The Dos and Don’ts of Onboarding New Employees

There are a lot of moving parts to onboarding new employees, especially if you want to do it the right way. Whether you consider the onboarding process to be only the first few days or the first few months, there’s a lot of room for errors that could make your newest employee become your latest alumni. 

Let’s make sure those errors don’t happen and that we provide the best onboarding experience! Knowing some of the best things to do and not to do will give you an edge when planning out your process. It might even give you some ideas on how to improve your existing one.

Let’s jump in! This article will give you a quick look at the information you need to lay the foundation for a great onboarding process.  If you want something a little more in-depth, hit up my article on Proactive Onboarding.

The Dos

Do make onboarding fun. Onboarding doesn’t have to be boring and, honestly, should really be enjoyable. Think of a couple of different ways you can inject some fun and delight into your onboarding process. Some ideas you might want to play around with are things like a team lunch, a social outing after work or some kind of offsite to help your newest teammate get to know everyone a little better. If you can combine a fun activity with something that can foster relationships, you get the double jeopardy!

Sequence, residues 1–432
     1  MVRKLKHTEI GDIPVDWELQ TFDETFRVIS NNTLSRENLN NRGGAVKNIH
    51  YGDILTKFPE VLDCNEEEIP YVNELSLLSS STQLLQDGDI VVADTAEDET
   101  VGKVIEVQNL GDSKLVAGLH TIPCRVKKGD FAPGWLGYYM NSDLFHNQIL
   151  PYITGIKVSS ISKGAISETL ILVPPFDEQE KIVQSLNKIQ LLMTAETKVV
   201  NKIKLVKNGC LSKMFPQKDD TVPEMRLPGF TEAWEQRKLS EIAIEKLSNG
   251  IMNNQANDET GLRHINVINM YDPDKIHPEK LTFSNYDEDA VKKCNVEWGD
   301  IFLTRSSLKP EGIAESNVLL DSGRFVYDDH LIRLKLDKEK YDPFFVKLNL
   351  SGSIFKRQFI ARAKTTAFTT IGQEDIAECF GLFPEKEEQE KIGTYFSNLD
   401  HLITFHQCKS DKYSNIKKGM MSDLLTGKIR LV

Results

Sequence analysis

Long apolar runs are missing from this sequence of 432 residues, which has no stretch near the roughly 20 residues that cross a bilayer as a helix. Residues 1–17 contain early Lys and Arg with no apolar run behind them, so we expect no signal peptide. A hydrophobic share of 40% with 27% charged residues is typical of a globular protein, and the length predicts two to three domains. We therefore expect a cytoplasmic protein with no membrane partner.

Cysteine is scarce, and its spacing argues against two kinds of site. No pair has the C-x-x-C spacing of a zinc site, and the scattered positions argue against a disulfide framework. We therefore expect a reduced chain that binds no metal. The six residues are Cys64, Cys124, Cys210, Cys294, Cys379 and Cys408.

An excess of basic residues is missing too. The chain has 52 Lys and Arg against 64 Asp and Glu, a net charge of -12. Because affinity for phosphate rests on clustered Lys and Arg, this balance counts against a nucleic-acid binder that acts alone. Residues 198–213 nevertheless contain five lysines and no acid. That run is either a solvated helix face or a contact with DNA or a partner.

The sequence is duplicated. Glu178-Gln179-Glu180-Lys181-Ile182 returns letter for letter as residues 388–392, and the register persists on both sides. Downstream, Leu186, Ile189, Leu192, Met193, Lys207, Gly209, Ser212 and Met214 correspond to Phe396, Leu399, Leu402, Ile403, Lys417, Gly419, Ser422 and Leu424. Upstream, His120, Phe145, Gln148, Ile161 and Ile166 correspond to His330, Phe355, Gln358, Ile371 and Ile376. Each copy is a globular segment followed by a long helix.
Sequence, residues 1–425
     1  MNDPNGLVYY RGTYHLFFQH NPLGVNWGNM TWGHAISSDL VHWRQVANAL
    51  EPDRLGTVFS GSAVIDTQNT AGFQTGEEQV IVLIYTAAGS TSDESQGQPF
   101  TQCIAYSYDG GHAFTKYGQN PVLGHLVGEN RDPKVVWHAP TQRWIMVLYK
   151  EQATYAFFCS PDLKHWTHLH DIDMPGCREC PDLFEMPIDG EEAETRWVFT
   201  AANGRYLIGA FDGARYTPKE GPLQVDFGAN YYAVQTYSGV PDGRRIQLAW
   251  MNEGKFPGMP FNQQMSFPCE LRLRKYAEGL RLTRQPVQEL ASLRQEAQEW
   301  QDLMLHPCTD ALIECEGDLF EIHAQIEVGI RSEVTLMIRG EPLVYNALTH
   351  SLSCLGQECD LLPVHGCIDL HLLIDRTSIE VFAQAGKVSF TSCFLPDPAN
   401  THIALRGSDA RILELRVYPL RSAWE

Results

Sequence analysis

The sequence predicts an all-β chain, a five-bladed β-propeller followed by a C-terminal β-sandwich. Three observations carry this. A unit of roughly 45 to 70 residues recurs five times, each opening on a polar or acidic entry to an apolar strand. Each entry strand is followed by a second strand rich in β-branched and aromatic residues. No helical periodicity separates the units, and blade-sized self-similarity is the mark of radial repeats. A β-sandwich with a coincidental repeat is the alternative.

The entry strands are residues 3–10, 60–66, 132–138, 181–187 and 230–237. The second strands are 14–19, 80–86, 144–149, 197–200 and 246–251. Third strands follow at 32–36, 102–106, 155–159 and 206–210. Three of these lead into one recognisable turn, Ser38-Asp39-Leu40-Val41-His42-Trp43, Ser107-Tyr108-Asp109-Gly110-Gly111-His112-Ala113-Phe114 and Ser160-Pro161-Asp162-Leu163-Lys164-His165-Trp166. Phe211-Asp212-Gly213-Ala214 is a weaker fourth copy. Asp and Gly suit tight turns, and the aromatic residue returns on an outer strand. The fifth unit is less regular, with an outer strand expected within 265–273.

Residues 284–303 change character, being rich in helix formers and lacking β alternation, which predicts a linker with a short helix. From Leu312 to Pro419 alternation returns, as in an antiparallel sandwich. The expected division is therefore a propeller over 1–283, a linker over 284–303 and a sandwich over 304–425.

Do pre-board your new hire. Pre-boarding takes a little planning and effort but can make onboarding a massive success, putting your new hire in a firm footing for their first day. Some information you might want to share with them before they show up is transit or parking options, dress-code, introduce them to their manager, and give them a heads up of what their first week will be like. If you have an essential project that they will start working on, give them a heads up! No one wants to be surprised on their first day, so the more information, the better.